Pulse-Width Dependence of the Cooling Effect on Sub-Micrometer ZnO Spherical Particle Formation by Pulsed-Laser Melting in a Liquid

Shota Sakaki, Hiroshi Ikenoue, Takeshi Tsuji, Yoshie Ishikawa, Naoto Koshizaki

Research output: Contribution to journalArticle

14 Citations (Scopus)

Abstract

Sub-micrometer spherical particles can be synthesized by irradiating particles in a liquid with a pulsed laser (pulse width: 10 ns). In this method, all of the laser energy is supposed to be spent on particle heating because nanosecond heating is far faster than particle cooling. To study the cooling effect, sub-micrometer spherical particles are fabricated by using a pulsed laser with longer pulse widths (50 and 70 ns). From the increase in the laser-fluence threshold for sub-micrometer spherical particle formation with increasing pulse width, it is concluded that the particles dissipate heat to the surrounding liquid, even during several tens of nanoseconds of heating. A particle heating–cooling model considering the cooling effect is developed to estimate the particle temperature during laser irradiation. This model suggests that the liquid surrounding the particles evaporates, and the generated vapor films suppress heat dissipation from the particles, resulting in efficient heating and melting of the particles in the liquid. In the case of small particle sizes and large pulse widths, the particles dissipate heat to the liquid without forming such vapor films.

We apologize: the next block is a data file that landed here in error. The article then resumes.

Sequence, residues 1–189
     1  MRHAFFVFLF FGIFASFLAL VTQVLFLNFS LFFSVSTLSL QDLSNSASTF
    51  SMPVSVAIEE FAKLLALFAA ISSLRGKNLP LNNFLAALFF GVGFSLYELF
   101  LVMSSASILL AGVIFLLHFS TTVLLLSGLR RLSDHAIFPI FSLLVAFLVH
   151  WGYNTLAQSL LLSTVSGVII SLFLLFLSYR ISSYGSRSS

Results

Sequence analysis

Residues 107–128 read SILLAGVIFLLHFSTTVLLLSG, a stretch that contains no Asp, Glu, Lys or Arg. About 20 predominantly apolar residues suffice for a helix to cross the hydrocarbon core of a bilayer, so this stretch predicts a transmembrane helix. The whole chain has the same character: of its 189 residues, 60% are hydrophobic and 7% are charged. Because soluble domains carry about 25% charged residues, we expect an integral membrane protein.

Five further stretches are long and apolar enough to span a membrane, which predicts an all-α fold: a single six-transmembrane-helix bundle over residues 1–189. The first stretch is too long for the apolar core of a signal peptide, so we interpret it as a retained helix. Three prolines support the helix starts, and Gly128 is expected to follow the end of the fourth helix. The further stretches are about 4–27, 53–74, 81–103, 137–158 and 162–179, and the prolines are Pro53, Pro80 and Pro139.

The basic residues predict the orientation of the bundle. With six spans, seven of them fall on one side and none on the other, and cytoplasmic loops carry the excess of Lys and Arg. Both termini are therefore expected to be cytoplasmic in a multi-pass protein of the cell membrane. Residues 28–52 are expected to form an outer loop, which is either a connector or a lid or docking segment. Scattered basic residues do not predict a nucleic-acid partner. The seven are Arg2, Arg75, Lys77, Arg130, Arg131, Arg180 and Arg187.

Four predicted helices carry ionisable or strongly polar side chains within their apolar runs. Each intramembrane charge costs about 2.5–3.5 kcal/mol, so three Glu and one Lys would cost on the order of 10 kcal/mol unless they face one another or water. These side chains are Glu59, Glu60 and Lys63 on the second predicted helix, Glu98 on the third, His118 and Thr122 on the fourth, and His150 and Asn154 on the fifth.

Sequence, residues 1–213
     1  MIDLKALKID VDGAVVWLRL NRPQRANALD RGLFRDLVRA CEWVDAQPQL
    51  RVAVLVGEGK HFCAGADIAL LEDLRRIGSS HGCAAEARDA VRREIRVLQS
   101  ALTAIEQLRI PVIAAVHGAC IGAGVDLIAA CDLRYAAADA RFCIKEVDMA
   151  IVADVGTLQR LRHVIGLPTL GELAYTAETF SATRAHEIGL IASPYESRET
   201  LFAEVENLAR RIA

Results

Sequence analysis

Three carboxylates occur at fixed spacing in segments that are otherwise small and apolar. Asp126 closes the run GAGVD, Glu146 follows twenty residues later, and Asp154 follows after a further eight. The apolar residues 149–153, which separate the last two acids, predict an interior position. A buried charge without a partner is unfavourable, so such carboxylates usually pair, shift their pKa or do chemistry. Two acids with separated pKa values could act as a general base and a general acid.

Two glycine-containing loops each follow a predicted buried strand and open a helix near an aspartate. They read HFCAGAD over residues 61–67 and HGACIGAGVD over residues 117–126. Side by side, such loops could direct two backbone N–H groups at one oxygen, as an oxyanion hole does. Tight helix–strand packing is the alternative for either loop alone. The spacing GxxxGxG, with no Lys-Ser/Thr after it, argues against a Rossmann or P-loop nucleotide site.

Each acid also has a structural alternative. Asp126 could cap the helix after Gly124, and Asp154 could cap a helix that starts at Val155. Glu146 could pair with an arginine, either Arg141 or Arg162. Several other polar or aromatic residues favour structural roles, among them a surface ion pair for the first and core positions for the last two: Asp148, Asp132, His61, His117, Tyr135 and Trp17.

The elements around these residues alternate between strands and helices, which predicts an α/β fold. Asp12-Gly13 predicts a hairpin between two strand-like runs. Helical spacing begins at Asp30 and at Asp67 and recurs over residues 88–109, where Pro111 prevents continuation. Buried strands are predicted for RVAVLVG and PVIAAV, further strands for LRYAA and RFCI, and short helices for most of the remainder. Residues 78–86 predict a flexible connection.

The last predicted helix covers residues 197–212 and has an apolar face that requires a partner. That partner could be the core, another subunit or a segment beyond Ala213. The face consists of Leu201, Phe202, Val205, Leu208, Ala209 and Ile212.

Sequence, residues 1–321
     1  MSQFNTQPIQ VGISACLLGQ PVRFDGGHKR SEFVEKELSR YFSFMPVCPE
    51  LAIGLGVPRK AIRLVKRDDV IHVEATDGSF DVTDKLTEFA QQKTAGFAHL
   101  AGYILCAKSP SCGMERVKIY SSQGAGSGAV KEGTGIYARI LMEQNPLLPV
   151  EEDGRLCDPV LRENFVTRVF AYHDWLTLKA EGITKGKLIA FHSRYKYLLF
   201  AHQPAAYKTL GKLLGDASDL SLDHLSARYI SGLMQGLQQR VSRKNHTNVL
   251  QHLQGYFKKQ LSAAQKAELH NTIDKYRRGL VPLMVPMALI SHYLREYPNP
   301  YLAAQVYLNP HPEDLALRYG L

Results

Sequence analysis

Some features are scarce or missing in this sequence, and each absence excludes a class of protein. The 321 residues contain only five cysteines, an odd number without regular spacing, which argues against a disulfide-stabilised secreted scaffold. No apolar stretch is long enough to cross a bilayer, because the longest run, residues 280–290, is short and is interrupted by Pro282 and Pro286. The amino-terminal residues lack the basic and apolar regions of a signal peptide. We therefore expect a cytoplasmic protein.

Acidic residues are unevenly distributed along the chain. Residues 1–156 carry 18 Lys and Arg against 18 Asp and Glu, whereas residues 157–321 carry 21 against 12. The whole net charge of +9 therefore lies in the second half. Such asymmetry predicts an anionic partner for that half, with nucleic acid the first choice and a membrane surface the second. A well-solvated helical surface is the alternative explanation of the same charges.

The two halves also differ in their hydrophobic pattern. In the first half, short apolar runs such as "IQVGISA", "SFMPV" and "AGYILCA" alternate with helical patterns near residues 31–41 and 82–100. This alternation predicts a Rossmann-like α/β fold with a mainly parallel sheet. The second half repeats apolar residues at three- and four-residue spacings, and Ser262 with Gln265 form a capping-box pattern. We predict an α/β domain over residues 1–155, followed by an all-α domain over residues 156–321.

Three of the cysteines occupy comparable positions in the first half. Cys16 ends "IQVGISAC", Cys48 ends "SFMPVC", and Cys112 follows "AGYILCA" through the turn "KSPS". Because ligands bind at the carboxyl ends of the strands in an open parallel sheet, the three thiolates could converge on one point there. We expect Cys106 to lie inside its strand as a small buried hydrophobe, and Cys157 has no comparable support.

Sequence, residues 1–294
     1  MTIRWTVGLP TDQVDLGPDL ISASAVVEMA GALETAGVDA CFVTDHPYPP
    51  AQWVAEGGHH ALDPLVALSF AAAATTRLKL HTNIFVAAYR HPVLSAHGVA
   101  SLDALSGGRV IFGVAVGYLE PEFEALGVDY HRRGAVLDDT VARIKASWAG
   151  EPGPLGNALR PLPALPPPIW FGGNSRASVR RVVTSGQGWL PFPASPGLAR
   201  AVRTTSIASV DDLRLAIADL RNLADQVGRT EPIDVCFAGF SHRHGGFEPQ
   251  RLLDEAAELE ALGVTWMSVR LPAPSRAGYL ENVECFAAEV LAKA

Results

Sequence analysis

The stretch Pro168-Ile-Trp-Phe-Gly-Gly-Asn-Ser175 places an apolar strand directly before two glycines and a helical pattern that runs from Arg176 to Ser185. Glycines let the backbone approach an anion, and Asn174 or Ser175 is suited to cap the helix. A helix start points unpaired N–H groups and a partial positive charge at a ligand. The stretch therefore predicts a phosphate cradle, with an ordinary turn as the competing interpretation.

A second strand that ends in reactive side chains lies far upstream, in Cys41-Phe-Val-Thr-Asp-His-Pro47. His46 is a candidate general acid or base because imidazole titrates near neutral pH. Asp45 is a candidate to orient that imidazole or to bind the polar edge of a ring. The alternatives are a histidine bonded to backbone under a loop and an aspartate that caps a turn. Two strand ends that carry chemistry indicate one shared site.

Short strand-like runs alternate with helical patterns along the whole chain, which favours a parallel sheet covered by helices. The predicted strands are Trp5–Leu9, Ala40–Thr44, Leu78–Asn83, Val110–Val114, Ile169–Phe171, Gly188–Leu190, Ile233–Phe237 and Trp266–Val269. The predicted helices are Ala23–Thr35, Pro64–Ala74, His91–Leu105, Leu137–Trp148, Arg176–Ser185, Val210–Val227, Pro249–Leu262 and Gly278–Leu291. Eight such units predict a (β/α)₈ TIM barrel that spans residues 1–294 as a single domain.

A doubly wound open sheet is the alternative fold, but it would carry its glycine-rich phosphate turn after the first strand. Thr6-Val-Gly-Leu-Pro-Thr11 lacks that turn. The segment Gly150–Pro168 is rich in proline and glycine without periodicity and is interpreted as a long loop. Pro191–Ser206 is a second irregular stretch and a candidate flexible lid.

Original languageEnglish
Pages (from-to)1101-1107
Number of pages7
JournalChemPhysChem
Volume18
Issue number9
DOIs
Publication statusPublished - May 5 2017

Fingerprint

Pulsed lasers
micrometers
pulsed lasers
pulse duration
Melting
melting
Cooling
cooling
Liquids
Heating
liquids
Laser pulses
Vapors
Lasers
Laser beam effects
Heat losses
heating
Particle size